Network Rail Problems – Does It All Come Down to Contract Staff?

train-527849_1280The UK government announced last week that some elements of the planned programme of rail improvements was being put on hold whilst its feasibility was considered. That follows a series of Network Rail problems, including cost overruns, delays and some major issues last Christmas when we saw large numbers of people unable to travel because of over-running engineering works. As the BBC reported,

"The government says it will delay or cut back a number of modernisation projects planned for Network Rail. Transport Secretary Patrick McLoughlin says rising costs and missed targets make the £38.5bn plan untenable. He blamed Network Rail, saying it should have foreseen the improvements would cost more and take longer."

One of the comments from the Minister was this.

"Important aspects of Network Rail’s investment programme are costing more and taking longer. Electrification is difficult. The UK supply chain for the complex signalling works needs to be stronger. Construction rates have been slow."

We spoke over the weekend to a very senior procurement and supply chain individual who has had previous intimate knowledge of rail matters and asked him - what's gone wrong with the supply chain here? Whilst his experience of the industry does not cover the past few years, in his opinion, these current problems look like a re-occurrence of past issues.

There is a pretty limited market in terms of the suppliers who can take on this sort of work. When demand is high, then of course that market and capacity is put under pressure. Suppliers will respond by putting up their prices (supply and demand coming into play) - both to increase returns, and perhaps because they will sometimes bid for a contract with the intention of NOT winning if they have capacity issues. However, our source also highlighted a very interesting issue.

"Much of this may come down to an individual level. The specialist engineers working in areas like signalling are often individual contractors, working on a day-rate basis. They used to work for British Rail of course when that was the monopoly organisation, but when that broke up, many of them went solo because they could make more money working for the different rail firms.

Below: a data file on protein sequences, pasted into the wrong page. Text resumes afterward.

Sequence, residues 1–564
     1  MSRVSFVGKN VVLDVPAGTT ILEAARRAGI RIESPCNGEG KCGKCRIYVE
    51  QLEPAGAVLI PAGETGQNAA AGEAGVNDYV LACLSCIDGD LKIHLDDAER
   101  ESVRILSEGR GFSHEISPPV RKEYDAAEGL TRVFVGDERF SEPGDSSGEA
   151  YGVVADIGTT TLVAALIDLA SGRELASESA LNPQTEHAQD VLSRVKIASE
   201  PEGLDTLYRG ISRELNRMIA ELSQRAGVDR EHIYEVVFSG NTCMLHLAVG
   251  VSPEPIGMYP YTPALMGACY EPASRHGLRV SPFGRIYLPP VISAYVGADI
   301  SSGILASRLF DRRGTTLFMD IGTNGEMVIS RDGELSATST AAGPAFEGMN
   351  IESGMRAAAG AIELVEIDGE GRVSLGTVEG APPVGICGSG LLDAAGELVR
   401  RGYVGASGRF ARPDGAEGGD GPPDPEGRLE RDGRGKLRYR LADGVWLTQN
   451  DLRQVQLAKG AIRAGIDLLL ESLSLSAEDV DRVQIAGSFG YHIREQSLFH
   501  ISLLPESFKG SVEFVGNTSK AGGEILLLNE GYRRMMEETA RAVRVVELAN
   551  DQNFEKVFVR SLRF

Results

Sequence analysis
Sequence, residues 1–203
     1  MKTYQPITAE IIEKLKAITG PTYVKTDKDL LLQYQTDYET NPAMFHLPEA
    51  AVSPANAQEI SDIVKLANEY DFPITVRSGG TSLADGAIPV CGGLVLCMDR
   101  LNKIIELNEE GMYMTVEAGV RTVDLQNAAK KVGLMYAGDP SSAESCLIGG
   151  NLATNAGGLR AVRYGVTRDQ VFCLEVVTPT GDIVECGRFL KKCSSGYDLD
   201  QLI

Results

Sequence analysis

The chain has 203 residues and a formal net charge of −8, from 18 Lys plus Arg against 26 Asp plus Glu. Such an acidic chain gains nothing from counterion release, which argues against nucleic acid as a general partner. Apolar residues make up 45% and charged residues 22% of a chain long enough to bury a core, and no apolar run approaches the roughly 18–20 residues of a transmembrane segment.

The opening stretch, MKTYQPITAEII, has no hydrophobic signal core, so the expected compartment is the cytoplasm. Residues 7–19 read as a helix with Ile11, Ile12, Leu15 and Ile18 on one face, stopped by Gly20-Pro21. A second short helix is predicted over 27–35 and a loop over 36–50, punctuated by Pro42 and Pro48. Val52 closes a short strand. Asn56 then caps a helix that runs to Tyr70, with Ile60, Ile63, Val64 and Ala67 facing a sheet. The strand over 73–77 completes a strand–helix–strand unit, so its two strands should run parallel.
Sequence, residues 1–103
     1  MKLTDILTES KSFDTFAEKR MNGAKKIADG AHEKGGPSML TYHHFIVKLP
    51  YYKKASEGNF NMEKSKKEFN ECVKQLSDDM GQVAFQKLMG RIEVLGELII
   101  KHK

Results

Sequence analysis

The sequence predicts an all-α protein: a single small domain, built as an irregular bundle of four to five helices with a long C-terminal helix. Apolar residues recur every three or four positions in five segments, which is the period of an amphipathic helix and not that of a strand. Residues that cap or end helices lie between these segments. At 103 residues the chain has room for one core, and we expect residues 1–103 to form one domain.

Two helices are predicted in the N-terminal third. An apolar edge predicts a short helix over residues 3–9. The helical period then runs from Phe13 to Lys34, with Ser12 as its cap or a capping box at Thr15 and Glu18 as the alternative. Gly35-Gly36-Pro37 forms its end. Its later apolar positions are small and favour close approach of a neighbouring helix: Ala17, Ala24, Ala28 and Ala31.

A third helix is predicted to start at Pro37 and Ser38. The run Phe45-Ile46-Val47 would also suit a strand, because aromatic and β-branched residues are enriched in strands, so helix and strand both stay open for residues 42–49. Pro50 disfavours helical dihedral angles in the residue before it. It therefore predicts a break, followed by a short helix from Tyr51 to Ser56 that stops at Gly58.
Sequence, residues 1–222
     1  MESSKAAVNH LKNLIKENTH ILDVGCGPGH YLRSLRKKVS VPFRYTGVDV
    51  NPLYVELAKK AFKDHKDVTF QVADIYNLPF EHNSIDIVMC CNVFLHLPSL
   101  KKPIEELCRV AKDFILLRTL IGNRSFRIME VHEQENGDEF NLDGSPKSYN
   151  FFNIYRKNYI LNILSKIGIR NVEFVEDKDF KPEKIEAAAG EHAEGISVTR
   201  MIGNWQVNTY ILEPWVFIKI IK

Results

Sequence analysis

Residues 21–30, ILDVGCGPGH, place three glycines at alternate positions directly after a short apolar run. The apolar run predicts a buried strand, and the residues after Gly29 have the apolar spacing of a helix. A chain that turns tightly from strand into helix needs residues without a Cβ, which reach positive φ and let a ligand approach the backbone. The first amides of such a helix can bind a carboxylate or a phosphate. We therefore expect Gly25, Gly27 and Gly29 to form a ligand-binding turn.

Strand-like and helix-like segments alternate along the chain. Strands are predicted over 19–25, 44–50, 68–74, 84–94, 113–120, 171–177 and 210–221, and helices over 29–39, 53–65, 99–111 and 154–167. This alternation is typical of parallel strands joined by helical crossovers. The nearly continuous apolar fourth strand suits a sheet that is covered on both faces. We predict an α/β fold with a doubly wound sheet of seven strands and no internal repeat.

So I've seen problems when a prime contractor is assuring the buyer that they are resourced to carry out a particular piece of work, but it turns out later that those critical individuals go elsewhere to get a higher rate. That may well be to another prime working in a different part of the network . But the first prime then may genuinely not realise till very late that they can't get the people for a particular project."

If this is the case, it has two effects. It pushes up the costs of carrying out projects, which certainly seems to have happened according to yesterday's announcements. And it leads to projects being under-resourced and last-minute issues leading to delays and problems - as we saw last Christmas. We suspect that the recession of the past few years has also taken capacity out of engineering and related industries, which has probably exacerbated the situation.

In the past, according to our contact, the senior management at Railtrack and its predecessor organisations had to clamp down on the contractor situation - for instance by putting a cap on the day-rates paid. (You may notice real parallels here with the current situation in terms of temporary medical agency staff in the NHS.) But it is fascinating how these macro-level problems may well have very individual people issues and decisions at their source.

Whether or not this is part of the cause, which does seem likely, there do appear to have been issues of market capacity and some sort of failure of market understanding, planning and engagement from Network Rail. However, talking to another person with past rail experience, he pointed out that Network Rail has also delivered some very impressive achievements too in recent years. "Look at the work to totally redevelop Reading Station for instance - a huge achievement, delivered whilst keeping some of the busiest lines in the UK running." There are other successes too - but of course it is the failures that grab the headlines.

We'd love to hear any inside views on this, official or unofficial, so if anyone has recent experience in this area do comment here or drop us an email!

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